It has been an interesting year: An extremely brilliant supernova type Ia was observed in near cosmic space with an exceptionally long lightcurve. It was also revealed (via the planetary data system) that the descent profile derived for the Huygens probe did not use the altimeter, sonic or accelerometer data as planned to reconstruct the descent profile of Huygens. This is a stunning admission that the indicators designed to keep track of the probe were ignored.
We also have the close-ups of the two-faced moon Iapetus, which look for all-the-world like melting snow near the fringes and extending into the white side along the equatorial band. All of these are necessary predictions of the theory that Newtonian-derived masses for objects are not correct, and not correct by a long shot as the distance increase from a massive body like the sun.
The source of the interior forces of Enceladus remains a mystery – gravitational and radiative energy sources cannot fully explain the high temperature out-gassing. This is not a problem, if Enceladus has a much denser core than Newtonian gravity determinations allows.
There are also a few 2006 predictions that are still pending. Did New Horizon’s get a greater gravitational boost from Jupiter than expected? Did The Messenger Probe receive less gravitational braking in the Venus fly-by? Messenger’s post fly-by correction was made three weeks after the fly-by than planned. It is rare for system planners to change a scheduled burn unless the coarse of the probe is seriously deviated from expectations. On the other hand, New horizon’s coasted for more than three months before a coarse correction. In both cases, the mission navigators must know whether or not the gravitational assists netted the expected results. To the best of my knowledge, this information has not been released.
Gravity waves have still not been observed, and more possible sources of Dark Matter have been eliminated. Stardust reveal yet another comet with high terrestrial content; weighing in against the ‘dirty snowball’ model for comets once again.
So what should 2008 reveal?
First and foremost on the docket is the Phoenix Mars probe. Phoenix is the first non-airbag protected probe since Beagle and the Polar Lander failed; and fingers are crossed. According to the theory, Mars is about 14% more dense than Newtonian predictions, but this is mitigated in several ways. The true interior of Mars is more differentiated than estimated, so the surface gravity is not 14% greater-than-expected. Also the burning of propellant during the descent will net greater momentum differentials. The results will be totally confusing to mission analysts: Like the Huygens mission to Titan, the accelerometer and Doppler measurments of total force will disagree, and like Spirit, Opportunity, Pathfinder and the Viking Mars probes, there will be gaps the reconstructed descent profile.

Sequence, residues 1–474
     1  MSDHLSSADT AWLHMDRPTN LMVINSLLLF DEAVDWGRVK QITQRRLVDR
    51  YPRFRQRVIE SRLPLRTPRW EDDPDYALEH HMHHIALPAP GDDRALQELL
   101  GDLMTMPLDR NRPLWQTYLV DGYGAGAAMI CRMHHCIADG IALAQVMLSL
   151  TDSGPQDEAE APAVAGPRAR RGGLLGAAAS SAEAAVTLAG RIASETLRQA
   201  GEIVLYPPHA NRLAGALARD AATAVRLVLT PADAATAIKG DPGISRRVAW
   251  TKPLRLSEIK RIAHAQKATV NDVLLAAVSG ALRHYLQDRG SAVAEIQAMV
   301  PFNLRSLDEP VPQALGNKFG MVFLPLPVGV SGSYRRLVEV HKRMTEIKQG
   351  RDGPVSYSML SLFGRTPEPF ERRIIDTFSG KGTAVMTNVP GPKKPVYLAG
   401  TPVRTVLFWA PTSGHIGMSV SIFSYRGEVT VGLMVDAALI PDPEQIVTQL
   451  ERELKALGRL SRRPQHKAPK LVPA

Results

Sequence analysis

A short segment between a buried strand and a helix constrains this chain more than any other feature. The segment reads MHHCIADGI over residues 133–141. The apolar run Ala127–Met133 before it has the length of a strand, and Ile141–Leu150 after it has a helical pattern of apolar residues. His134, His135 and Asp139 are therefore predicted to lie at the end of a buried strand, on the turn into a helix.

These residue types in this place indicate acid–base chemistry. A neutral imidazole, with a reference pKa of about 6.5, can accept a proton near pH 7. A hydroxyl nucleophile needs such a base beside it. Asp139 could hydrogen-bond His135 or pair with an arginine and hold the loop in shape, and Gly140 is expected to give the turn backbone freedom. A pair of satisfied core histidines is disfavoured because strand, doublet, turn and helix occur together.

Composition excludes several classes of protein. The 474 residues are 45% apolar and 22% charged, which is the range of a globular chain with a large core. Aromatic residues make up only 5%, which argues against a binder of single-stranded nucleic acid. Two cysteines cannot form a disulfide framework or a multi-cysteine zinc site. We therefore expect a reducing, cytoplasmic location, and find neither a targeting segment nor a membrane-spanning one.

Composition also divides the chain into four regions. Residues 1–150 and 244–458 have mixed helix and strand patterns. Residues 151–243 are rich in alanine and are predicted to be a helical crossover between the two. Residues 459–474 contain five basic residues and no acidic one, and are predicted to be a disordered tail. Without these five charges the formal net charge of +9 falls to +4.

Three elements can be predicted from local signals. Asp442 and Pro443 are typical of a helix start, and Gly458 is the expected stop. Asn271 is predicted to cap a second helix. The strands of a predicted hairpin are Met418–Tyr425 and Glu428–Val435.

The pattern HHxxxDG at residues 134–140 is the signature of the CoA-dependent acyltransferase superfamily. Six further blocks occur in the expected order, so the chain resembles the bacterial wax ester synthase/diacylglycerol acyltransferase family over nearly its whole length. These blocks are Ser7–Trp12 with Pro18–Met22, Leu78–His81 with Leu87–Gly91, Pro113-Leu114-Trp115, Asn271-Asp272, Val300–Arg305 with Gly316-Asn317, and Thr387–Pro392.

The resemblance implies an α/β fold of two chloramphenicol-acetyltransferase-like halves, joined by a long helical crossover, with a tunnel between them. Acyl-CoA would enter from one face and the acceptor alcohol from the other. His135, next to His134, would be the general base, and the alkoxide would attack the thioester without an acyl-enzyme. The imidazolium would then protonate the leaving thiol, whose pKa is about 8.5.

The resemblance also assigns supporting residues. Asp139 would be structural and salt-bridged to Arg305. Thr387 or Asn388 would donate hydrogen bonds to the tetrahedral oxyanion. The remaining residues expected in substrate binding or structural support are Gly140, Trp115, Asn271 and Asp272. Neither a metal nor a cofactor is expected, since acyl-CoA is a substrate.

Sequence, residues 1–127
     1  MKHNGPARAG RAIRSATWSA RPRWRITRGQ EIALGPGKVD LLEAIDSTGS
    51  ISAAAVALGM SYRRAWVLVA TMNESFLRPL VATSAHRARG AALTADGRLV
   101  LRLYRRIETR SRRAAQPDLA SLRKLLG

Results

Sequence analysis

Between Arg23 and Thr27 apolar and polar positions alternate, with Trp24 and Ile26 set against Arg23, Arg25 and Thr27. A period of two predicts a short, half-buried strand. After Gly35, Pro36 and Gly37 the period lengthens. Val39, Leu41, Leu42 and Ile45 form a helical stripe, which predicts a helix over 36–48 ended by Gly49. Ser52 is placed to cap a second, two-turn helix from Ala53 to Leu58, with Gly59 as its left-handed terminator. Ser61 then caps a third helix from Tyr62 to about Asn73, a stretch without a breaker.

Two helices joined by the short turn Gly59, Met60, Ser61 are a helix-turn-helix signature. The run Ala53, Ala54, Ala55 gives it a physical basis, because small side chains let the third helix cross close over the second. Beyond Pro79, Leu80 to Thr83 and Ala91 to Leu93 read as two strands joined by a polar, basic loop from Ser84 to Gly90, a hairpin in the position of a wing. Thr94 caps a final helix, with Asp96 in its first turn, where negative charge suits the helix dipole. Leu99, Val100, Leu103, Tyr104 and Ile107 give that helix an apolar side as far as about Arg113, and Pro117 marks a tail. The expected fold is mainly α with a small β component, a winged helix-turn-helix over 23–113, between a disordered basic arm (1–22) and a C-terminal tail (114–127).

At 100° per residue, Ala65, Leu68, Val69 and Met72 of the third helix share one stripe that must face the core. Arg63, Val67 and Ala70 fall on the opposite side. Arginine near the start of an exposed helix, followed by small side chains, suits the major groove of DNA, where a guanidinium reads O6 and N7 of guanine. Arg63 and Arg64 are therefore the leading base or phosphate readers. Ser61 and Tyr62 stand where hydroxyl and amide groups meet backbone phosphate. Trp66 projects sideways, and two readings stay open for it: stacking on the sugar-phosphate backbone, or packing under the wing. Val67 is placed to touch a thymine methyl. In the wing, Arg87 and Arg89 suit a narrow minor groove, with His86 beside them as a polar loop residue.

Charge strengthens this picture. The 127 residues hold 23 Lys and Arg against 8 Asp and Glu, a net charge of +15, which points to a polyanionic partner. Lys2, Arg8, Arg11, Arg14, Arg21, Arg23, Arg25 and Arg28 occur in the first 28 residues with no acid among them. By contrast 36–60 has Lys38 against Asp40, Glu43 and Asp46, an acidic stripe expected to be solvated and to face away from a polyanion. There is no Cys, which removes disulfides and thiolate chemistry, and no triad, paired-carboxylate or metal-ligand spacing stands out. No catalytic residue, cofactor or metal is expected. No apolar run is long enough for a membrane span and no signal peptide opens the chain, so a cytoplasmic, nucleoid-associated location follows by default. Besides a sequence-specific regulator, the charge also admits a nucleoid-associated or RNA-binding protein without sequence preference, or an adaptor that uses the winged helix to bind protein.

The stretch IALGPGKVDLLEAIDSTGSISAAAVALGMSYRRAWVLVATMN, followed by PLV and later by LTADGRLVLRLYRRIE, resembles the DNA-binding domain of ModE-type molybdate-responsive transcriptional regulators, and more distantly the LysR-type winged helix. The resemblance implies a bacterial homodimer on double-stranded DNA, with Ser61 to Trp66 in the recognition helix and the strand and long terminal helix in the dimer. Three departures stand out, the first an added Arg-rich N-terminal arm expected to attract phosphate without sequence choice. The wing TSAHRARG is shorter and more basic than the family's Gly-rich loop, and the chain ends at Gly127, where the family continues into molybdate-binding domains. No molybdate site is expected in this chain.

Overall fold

Cassini will continue to produce amazing puzzles: Saturn’s moons are generally composed of fairly thin layers of ice on rocky cores. There have been hints that at least one of them has a magnetic core; and this will likely be true of other moons as well. The surface composition of Titan will continue to elude mission scientists, unless they include aluminum silicates and other sands and clays typically found on the Earth in the possible list of components.
The Messenger Probe will track unusual gravity anomalies on Mercury: Elevated regions will appear to be composed of much lighter materials than the average surface density. Chasma or valleys will pose striking positive anomalies – appearing much more dense than the mean surface density. Both of these observations are not real, but the result of using orbiting probes to determine the mass of the surface, but not taking into account the change in the orbital path caused by the proximity of Mercury to the sun. Conversely, Cassini will map evidence of very dense mountains and under-dense lowlands in the moons of Saturn, just as Galileo observed in the moons of Jupiter. Saturns moons will be a factor of two more curious (gravitationally speaking) than Jupiter.
Stardust will revisit Tempel 2 in the near future, revealing what Deep Impact really stirred up. If we are able to see where the probe impacted, it will not reveal the deep stadium-sized gaping penetration, but a much broader, very shallow crater. Tempel 2, like most solar objects, is a hard rock coated with icy dust.
Finally, we will continue to occasionally observe locally very long lightcurved supernovae that are more brilliant ‘Ia type’ than expected. As bigger telescopes come on line, another trend will surface: As more and more of the Ia types found at great distances are observed, it will be realized extinction factors have been grossly under estimated, meaning virtually all of the most distant supernova we observe today are much brighter than the local sample. After the lightcurves of this emerging sample of less luminous distance events are corrected for time dilation corrections, they will appear to have very short lightcurves, on average, much shorter than the local same. This is not evidence that supernova are evolving, but evidence that both the extinction estimates and the time dilation corrections are wrong.